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Derwent Water - St Herbet. Valid HTML 4.01 Transitional
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Author: Gerald Findler.
Book Title: Legends Of The Lake Counties

The St Herbert's island of Derwent water is well known for it's beauty, but is perhaps little known for the legend that is attached to it. This pretty little paradise of four or five acres is well covered with woods and situated near the centre of the lake.

It obtained it's name from St Herbert, a priest who chose the island as a sanctuary for his devotions. The remains of the hermitage are still visible, and near the hallowed ruins stands a small a grotto of unhewn stone, called the New Hermitage, which was erected by Sir Wilfred Lawson in the closing years of the last century.

Sir Herbert lived on a simple diet, mostly home grown vegetables and fish caught from the lake. This was about the middle of the seventh century and he was very friendly with St Cuthbert, the Bishop of Lindisfarne.

They conversed a great deal, and so close a connection sprung up between them, that both these holy men expired on the same day, and in the same hour and minute, which according to Bede, was in the year 678 or 687.

There is little information recorded of St Herbert, and but for his friendship with St Cuthbert this name would not have been handed to posterity at all.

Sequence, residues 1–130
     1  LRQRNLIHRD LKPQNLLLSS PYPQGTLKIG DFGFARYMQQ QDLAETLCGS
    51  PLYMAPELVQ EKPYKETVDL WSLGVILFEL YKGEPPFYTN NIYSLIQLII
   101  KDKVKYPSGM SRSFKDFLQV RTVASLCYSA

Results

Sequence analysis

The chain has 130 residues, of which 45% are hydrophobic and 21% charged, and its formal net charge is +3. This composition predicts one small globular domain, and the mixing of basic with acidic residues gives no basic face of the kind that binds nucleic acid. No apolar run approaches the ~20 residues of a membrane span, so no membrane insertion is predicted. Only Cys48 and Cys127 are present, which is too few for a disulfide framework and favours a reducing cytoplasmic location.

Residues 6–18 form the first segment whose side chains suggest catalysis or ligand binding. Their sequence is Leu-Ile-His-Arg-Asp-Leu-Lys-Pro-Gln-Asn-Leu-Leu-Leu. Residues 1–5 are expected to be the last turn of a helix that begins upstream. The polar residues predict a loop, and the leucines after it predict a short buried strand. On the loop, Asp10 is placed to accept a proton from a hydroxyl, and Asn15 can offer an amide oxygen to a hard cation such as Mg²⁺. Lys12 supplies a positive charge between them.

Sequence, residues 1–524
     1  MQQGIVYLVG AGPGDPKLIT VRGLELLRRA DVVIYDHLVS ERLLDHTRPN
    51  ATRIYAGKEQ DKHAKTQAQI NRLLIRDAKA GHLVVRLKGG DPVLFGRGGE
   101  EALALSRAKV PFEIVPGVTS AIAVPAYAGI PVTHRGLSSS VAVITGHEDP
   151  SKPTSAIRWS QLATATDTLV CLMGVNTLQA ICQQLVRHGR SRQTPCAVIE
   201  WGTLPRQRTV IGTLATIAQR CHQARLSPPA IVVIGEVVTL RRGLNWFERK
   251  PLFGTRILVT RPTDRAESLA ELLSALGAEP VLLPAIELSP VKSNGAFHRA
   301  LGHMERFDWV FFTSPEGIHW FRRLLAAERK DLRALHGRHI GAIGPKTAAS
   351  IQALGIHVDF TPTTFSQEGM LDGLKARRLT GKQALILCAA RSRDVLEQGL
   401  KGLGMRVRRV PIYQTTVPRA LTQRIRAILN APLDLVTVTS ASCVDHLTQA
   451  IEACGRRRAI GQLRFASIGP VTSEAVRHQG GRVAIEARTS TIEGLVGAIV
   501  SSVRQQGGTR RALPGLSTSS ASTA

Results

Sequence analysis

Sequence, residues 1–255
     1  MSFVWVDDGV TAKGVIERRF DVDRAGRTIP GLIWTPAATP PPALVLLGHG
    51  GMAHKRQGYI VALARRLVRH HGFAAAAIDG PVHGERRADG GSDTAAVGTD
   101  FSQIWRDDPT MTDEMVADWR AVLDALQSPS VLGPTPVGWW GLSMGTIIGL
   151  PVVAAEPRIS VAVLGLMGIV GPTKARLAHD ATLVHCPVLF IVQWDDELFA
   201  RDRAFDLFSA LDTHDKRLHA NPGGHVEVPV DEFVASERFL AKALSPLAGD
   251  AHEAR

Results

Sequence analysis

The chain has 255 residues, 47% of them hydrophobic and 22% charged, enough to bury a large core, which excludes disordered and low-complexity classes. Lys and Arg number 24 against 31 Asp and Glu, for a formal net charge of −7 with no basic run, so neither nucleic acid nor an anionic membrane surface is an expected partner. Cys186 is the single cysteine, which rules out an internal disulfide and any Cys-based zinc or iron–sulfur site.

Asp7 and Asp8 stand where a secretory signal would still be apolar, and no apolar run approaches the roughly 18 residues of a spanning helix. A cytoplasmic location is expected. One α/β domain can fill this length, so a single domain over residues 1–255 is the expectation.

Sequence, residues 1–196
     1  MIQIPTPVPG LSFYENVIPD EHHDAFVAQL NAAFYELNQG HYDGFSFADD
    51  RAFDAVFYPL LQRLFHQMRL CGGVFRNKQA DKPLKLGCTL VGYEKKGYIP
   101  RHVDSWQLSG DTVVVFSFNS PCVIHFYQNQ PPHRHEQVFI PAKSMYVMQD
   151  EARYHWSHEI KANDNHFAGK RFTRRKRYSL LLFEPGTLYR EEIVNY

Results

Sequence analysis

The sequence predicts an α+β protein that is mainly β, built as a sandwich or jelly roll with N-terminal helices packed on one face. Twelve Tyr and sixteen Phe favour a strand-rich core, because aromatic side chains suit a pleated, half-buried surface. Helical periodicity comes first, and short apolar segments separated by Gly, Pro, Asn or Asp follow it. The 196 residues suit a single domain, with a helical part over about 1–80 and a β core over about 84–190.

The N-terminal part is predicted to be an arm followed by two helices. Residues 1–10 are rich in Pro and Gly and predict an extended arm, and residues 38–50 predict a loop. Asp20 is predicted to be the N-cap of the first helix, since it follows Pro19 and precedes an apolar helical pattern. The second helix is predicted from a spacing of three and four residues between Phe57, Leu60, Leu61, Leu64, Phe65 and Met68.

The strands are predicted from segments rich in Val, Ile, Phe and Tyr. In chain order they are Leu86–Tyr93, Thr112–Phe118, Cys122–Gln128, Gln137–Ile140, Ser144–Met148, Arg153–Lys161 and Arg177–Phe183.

He lived, prayed and meditated on this island.
In the register of Bishop Appleby, in 1374, there is an indulgence of forty days to any inhabitant of Crosswthaite who should attend the vicar to St Herbert's Isle on the 13th April yearly (that being the anniversary of his death) there to celebrate the memory of St Herbert.

Wordsworth wrote the following lines:
Of the Hermit of Derwent Water.
If thou, in the dear love of some one friend,
Hast been so happy that thou know'st, what the thoughts
Will sometimes, in the happiness of love,
Make the heart sink, then wilt thou reverence
This quiet spot; and , stranger, not unmoved,
Wilt thou behold this shapeless heap of stones,
The desolate ruins of St Herbert's cell.
There stood his freshold; there was spread the roof
That sheltered him, a self-secluded man, after long exercise in social cares,
And offices humane, intent to adore
The deity, with undistracted mind,
And meditate on everlasting things
In utter solitude.

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